Despite being overrepresented in medicine overall, women continue to be underrepresented in urology. A more diversified urological staff had the potential to improve patient health outcomes. For a study, researchers provided a review of the hurdles that women experienced in urology at the student, resident, and attending levels, as well as proposed solutions to these difficulties. Although the number of women entering urology had grown since the first woman became a board-certified urologist in 1962, women continued to be underrepresented, advancing at a slower rate, and holding a tiny percentage of leadership roles. Women in urology and surgical areas, in general, confront a slew of hurdles and roadblocks that might be overcome in order to attract and retain more women in the field of urology. Recent initiatives by academic urologists and trainees alike provided optimism for improvement.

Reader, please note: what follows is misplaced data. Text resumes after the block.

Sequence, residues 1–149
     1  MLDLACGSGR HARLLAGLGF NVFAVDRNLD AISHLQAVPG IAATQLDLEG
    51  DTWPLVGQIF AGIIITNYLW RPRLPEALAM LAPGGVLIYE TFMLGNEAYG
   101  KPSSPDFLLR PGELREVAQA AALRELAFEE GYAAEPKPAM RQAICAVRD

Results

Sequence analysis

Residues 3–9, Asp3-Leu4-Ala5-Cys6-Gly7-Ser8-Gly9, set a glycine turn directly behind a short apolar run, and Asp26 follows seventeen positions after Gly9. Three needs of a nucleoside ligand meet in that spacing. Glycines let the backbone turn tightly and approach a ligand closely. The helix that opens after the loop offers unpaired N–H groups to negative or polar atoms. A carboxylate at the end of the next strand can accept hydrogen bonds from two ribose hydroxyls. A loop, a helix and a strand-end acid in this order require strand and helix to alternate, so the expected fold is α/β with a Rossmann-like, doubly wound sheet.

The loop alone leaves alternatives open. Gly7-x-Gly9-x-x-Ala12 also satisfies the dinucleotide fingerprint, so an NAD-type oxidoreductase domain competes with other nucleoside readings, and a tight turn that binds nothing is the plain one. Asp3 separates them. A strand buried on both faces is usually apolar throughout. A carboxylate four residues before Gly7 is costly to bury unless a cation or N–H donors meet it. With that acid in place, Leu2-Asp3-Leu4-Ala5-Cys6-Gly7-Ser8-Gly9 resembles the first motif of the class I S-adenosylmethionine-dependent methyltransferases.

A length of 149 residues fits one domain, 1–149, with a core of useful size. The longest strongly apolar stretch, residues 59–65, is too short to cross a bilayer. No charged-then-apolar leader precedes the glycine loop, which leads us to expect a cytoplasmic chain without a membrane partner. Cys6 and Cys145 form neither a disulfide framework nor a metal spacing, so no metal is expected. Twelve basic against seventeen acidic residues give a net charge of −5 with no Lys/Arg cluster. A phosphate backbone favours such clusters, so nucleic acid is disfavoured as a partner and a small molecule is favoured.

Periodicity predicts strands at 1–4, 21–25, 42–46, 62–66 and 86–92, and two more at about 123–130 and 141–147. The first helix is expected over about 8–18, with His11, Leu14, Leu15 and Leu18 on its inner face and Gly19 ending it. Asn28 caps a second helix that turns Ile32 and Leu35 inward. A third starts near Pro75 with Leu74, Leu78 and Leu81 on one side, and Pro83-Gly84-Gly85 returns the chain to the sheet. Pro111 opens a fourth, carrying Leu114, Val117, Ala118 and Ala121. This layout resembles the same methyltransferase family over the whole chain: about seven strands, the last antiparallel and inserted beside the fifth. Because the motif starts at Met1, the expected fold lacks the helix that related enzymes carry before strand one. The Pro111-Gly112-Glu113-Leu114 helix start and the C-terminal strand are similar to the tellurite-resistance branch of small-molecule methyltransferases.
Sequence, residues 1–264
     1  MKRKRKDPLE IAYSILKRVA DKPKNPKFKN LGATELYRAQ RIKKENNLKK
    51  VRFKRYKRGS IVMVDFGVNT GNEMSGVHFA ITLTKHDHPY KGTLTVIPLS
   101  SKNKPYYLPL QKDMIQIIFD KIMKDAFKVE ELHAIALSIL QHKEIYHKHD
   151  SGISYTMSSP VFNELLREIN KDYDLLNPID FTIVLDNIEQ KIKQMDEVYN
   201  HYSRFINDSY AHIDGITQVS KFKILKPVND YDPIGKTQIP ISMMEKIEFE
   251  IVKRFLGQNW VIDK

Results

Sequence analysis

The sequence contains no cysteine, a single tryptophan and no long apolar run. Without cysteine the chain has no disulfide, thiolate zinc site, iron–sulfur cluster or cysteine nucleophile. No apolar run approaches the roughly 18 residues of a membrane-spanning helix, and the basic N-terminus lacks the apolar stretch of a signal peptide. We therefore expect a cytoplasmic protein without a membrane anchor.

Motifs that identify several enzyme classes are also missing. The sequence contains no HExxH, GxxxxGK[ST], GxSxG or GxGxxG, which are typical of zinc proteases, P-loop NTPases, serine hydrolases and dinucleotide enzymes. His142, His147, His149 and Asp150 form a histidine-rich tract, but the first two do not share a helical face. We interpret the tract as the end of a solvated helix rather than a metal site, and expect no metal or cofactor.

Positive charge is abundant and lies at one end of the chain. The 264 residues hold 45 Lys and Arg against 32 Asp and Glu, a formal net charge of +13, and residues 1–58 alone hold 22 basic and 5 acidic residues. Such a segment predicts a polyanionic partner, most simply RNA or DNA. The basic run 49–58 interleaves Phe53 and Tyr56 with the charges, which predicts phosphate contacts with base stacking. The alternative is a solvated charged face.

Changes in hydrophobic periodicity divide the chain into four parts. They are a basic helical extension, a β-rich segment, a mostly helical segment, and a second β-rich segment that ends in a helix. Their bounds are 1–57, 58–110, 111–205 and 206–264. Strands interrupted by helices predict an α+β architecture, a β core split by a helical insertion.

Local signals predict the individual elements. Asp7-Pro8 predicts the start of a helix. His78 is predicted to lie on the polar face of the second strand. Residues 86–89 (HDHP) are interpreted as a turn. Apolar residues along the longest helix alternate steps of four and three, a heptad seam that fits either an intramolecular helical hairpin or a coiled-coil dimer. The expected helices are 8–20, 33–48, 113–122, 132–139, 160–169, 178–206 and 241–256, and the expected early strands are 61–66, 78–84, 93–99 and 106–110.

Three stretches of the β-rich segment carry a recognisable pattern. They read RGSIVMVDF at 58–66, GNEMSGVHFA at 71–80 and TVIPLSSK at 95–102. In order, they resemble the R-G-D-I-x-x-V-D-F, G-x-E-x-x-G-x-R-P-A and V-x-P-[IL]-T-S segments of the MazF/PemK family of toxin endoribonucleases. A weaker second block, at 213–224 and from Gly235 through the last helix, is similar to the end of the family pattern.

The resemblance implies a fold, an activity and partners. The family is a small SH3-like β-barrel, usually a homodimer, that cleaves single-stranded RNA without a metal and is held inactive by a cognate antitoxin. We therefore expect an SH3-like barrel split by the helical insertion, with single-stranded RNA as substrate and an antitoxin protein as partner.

Women in urology confronted unique problems, such as fewer mentorship possibilities, harassment and bigotry, and ‘pigeonholing.’ Recent initiatives by academic urologists and trainees alike provided optimism for progress in attracting and retaining more women in the specialty. Among the initiatives was the American Urological Association’s public pledge to advocate for and nurture a diverse and inclusive environment in urology. A more diversified urological workforce has the potential to improve patient health outcomes, especially in areas with limited access to urological treatment.